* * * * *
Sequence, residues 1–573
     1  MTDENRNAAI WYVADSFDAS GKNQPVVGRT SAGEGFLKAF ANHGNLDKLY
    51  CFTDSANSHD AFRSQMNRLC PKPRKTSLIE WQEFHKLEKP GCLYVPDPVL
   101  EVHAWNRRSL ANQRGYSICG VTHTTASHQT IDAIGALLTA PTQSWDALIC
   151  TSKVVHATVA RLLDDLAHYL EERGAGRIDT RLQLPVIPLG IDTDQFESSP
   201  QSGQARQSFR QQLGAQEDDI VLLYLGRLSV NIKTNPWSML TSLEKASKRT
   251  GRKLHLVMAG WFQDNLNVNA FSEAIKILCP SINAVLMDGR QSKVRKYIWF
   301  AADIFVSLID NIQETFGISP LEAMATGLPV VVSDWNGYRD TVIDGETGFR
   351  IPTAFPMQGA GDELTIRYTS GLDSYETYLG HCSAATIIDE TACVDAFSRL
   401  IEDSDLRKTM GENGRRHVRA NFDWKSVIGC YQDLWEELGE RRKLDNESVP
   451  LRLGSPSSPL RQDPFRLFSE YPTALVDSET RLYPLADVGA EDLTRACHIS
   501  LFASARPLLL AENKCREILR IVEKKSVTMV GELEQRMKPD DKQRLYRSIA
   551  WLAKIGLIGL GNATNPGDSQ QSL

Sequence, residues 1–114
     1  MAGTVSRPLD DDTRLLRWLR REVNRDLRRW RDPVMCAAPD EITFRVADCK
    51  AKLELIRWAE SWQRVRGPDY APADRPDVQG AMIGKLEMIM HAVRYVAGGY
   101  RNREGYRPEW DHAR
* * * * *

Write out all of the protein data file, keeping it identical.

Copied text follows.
Sequence, residues 1–573
     1  MTDENRNAAI WYVADSFDAS GKNQPVVGRT SAGEGFLKAF ANHGNLDKLY
    51  CFTDSANSHD AFRSQMNRLC PKPRKTSLIE WQEFHKLEKP GCLYVPDPVL
   101  EVHAWNRRSL ANQRGYSICG VTHTTASHQT IDAIGALLTA PTQSWDALIC
   151  TSKVVHATVA RLLDDLAHYL EERGAGRIDT RLQLPVIPLG IDTDQFESSP
   201  QSGQARQSFR QQLGAQEDDI VLLYLGRLSV NIKTNPWSML TSLEKASKRT
   251  GRKLHLVMAG WFQDNLNVNA FSEAIKILCP SINAVLMDGR QSKVRKYIWF
   301  AADIFVSLID NIQETFGISP LEAMATGLPV VVSDWNGYRD TVIDGETGFR
   351  IPTAFPMQGA GDELTIRYTS GLDSYETYLG HCSAATIIDE TACVDAFSRL
   401  IEDSDLRKTM GENGRRHVRA NFDWKSVIGC YQDLWEELGE RRKLDNESVP
   451  LRLGSPSSPL RQDPFRLFSE YPTALVDSET RLYPLADVGA EDLTRACHIS
   501  LFASARPLLL AENKCREILR IVEKKSVTMV GELEQRMKPD DKQRLYRSIA
   551  WLAKIGLIGL GNATNPGDSQ QSL

Sequence, residues 1–114
     1  MAGTVSRPLD DDTRLLRWLR REVNRDLRRW RDPVMCAAPD EITFRVADCK
    51  AKLELIRWAE SWQRVRGPDY APADRPDVQG AMIGKLEMIM HAVRYVAGGY
   101  RNREGYRPEW DHAR